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minestrone soup

I made a huge pot of minestrone on Monday and thought I would reheat it when I got home from the pub last night. Big mistake. The smell of smoked bacon and tomatoes is not what you want wafting through your house when you’re trying to go to sleep. So, I dreamt of minestrone last night and resolved to upload this recipe today so that everyone can have minestrone dreams too.

It’s one of my favourite things to make because it’s embodies the whole chop-a-bunch-of-veggies-up-and-toss-in-in-a-pot way of cooking for when it’s bloody freezing outside and I can’t be bothered to really cook just want to watch Masterchef and The Voice.

You can put anything you like in a minestrone – I don’t like potatoes or zucchini because I think potatoes can make the soup floury and zucchini has a funny texture when boiled in a soup, but it’s very much a matter of personal preference.

Another really good tip is to save up old parmesan rinds and chuck them in, they add a really nice depth of flavour. They’re kind of delicious in an odd, chewy sort of way – if you felt inclined to try one after fishing it out of the soup.

Serves 8-10 as an entree, or 6-8 as a main

3 tbsp             olive oil
1                     large brown onion
2 cloves         garlic, finely diced
1                    large leek, white part only – quartered and finely sliced
2                    carrots, diced
2                    sticks celery, diced
60g                speck or smoked bacon, diced (optional)
1                    parmesan rind, remove the wax, cut into 1cm cubes (optional)
¼                   cabbage, sliced into 1cm thickness
1 can (400g)  tinned diced tomatoes
2 tbsp            tomato paste or concentrate
1 can (400g)  bean mix, with liquid drained
2                    bay leaves
1 litre             mild stock
1                    bouquet garni, dried or fresh (parsley, bay, thyme)
1 tsp              dried oregano leaves
½ tsp             sugar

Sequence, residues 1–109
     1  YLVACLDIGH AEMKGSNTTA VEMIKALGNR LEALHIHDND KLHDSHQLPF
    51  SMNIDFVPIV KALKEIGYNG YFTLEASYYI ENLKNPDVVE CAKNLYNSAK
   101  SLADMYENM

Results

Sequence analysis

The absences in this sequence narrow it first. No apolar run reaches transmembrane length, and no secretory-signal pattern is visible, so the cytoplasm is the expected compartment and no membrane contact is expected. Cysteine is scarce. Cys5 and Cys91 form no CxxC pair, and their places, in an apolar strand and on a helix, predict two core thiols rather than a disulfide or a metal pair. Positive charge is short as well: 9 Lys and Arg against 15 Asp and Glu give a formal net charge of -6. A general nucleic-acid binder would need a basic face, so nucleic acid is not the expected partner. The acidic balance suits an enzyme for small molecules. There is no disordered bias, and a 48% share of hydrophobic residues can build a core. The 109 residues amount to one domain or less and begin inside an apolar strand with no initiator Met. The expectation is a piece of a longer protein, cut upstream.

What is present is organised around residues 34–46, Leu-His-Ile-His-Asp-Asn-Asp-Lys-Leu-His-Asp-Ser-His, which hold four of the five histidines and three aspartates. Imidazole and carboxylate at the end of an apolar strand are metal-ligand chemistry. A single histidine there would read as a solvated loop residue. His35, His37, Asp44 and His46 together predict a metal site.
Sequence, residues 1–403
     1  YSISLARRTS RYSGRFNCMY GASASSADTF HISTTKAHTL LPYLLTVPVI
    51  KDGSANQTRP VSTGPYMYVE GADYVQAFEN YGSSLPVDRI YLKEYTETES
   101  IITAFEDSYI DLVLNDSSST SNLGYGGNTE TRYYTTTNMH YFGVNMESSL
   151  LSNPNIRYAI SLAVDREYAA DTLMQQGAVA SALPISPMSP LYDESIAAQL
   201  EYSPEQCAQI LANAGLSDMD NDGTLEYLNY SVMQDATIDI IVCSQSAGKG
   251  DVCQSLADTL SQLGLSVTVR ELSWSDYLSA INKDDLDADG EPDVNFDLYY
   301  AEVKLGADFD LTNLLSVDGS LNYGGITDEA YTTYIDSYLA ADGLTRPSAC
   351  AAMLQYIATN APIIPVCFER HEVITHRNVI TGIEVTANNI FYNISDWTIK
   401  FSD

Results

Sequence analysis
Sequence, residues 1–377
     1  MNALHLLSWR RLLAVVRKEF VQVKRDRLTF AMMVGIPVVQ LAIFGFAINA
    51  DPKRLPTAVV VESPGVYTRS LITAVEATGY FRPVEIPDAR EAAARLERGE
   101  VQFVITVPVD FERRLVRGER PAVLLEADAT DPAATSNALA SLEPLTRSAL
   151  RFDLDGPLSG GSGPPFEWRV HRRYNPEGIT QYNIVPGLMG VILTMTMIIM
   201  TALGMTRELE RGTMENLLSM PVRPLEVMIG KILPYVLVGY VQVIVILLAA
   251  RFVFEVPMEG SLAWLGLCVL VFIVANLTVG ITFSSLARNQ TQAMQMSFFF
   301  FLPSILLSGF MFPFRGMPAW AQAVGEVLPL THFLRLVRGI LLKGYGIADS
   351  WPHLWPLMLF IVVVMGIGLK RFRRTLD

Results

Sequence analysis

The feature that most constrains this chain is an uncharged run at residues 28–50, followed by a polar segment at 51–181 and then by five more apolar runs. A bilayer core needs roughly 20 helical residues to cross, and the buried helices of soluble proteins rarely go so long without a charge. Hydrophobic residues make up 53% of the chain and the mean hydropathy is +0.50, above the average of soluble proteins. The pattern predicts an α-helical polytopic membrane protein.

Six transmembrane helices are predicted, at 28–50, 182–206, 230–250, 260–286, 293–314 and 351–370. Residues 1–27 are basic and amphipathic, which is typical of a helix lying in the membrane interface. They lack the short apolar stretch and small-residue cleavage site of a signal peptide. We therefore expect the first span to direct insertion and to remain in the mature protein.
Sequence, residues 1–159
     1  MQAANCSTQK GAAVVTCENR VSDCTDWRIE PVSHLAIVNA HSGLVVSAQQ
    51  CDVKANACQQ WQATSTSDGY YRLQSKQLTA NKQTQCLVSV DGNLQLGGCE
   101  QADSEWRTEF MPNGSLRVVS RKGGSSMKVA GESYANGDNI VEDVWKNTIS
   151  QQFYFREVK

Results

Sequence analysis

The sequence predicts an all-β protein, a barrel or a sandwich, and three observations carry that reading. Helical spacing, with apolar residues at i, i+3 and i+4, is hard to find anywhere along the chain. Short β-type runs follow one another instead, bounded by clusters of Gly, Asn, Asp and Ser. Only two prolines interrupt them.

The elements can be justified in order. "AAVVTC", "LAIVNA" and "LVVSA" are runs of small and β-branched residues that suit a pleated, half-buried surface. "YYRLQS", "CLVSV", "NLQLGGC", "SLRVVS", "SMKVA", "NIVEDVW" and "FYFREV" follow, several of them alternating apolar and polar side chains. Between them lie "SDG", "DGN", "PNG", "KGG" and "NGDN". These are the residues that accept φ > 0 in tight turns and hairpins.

2 cups            small pasta, macaroni, shells or orecchiette
100g              frozen peas

Optional (to thicken)
1 tsp corn starch mixed with 1 tbsp cold water

Fresh pesto (recipe to come),
drizzle of olive oil, parmesan and cracked pepper to serve

  1. Heat a non stick pan to medium heat.
  2. Add a olive oil, reduce the heat to low and sweat the onion, garlic, leek, carrots and celery until they are soft, about ten minutes.
  3. Add speck and stir to combine, cook for another 2-3 minutes.
  4. Add cabbage, and cook to soften, about 3 minutes.
  5. Bring the heat back up to medium and add tinned tomatoes, tomato paste, canned beans and bay leaves.
  6. Add stock, bouquet garni, oregano and sugar, stir and bring to the boil. When boiling, bring the heat down to a very gentle simmer – you don’t want big bubbles – and simmer for an hour.
  7. If your minestrone is looking too watery for your liking, thicken with cornstarch and water mixture. Season to taste.
  8. Cook pasta in a separate pot, and add peas in the last minute of cooking.
  9. To serve, put cooked pasta and peas in the bottom of each bowl and season with salt if needed. Serve with fresh pesto, a drizzle of olive oil, parmesan and cracked pepper.

Tips for minestrone:

  • Don’t cook the pasta in the minestrone or it will just soak up the delicious soup. In addition, if you have leftovers, the pasta will keep swelling in the soup and be unpalatable. Add pasta and peas to each individual bowl and serve.
  • Michel Roux calls stocks ‘embryonic’ –  the aim is for a gentle simmer to get the maximum flavour out of the ingredients. In essence we’re really cheating here by making a stock and soup in one pot.
  • Mr Roux also says cooking a stock for longer does not make it better – do not simmer the soup for more than 1.5 hours.
  • Use a non-stick pot, it means that there’s less likelihood of ingredients catching and burning on the bottom of the pan.
  • The sugar helps to balance the acidity of the tomatoes, if you like a sharp flavour just omit it.